About 850 students from the island’s five secondary schools will obtain their GCSE results and other equivalent qualifications such as BTECs today (Thursday).
These are one of the end products of two years of study in key stage four (years 10 and 11).
This year, for the last time, some students will have already completed units from their GCSEs in January or June last year as the GCSEs have largely become modular.
Under the UK coalition government, the English exam boards will be required to return to linear assessment in 2013.
Paul Craine, co-ordinating adviser for 11-19 education said: ‘We are hopeful that our results will hold up well.
‘There are some uncertainties in the background.
‘Exams regulator Ofqual have indicated that some of the grade boundary issues that related to English last year may be visible in maths and science this year.
‘Exam boards have been under pressure to reduce the number of higher grade passes.’
The results will open doors both for further study, perhaps progression onto level 3 qualifications (such as A levels and Level 3 BTEC awards) in sixth forms or at Isle of Man College, or for employment.
In 2012, 52 per cent of students returned to school to join the sixth form and a further 31 per cent enrolled at Isle of Man College – making a total of 83 per cent remaining in education.
Mr Craine said: ‘It is vital that students receiving results have thought through their options and are ready to seek advice from schools, from Isle of Man College or from the Careers Service.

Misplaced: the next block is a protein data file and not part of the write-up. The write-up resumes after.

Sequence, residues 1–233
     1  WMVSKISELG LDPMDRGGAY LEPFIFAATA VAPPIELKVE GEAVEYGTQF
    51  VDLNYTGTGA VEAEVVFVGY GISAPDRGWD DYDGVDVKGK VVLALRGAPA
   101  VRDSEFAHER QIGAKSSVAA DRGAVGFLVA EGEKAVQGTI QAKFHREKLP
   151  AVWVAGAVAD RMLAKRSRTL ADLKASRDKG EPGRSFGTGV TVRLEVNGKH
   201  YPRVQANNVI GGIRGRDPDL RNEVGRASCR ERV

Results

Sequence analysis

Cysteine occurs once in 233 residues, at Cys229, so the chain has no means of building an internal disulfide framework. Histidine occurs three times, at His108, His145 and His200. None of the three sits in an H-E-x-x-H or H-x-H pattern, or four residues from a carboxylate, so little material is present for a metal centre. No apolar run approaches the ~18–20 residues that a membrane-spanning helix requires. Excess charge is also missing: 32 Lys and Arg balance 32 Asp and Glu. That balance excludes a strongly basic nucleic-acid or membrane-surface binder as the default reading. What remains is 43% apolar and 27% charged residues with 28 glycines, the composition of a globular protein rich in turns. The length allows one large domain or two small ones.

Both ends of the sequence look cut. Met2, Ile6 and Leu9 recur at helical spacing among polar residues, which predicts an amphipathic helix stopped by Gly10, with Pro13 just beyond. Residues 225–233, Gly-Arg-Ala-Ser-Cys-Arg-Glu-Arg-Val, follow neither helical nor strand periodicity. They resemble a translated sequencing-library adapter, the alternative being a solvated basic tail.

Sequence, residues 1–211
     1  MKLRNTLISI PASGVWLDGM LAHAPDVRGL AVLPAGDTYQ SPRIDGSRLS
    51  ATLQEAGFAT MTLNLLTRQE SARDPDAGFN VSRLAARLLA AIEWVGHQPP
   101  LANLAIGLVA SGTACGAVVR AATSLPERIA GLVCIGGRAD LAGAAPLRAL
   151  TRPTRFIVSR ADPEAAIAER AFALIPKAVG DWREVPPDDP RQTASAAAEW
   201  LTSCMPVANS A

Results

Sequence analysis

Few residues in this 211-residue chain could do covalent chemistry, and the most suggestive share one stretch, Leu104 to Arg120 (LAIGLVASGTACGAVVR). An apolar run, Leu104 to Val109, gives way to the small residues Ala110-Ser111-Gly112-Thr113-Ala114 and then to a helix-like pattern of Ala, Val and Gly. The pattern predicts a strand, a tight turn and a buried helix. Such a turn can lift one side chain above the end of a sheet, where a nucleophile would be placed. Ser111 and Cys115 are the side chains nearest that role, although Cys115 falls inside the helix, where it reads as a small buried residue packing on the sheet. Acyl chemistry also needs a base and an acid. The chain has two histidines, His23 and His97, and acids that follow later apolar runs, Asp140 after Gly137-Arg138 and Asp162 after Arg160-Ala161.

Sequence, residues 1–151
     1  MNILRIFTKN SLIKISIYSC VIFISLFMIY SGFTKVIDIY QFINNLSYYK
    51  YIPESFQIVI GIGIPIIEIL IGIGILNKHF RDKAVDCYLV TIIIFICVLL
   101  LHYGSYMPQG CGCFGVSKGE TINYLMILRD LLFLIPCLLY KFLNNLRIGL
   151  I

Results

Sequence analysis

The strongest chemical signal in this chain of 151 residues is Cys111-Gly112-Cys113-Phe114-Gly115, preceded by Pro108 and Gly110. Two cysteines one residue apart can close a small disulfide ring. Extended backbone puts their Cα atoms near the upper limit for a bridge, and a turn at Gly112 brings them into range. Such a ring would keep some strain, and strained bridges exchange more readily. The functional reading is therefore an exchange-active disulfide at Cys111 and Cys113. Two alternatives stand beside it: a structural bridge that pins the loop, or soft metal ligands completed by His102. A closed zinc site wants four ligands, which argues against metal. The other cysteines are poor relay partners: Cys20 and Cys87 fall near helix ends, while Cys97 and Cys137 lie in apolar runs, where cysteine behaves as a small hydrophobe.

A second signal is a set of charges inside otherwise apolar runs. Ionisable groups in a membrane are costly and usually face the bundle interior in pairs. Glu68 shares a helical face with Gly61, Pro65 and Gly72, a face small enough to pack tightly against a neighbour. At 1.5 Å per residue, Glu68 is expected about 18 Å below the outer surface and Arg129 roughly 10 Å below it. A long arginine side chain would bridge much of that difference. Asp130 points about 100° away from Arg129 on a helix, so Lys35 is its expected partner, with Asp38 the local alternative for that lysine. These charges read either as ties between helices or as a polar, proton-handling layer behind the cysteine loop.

‘It is also important for students trying to make use of their results to secure work or study places to reflect on the wide range of other skills that schools have been working to help them develop –readiness, resilience, resourcefulness, reflectiveness, relationships, remembering.
‘These dispositions will be as important in the week ahead as the qualifications themselves.’
Last year, the A* to G pass rate for full course GCSEs exceeded 99 per cent for the first time, with 99.1 per cent of entries being successful.
Some 17.4 per cent of entries produced A or A* grades, compared with 19.1 per cent in 2011. And 64.4 per cent of the full GCSE entries were passed at the higher grades, A* to C, compared with 67.2 per cent last year.
The Department of Education and Children will issue a statement this afternoon, outlining the overview of results across the island’s five secondary schools.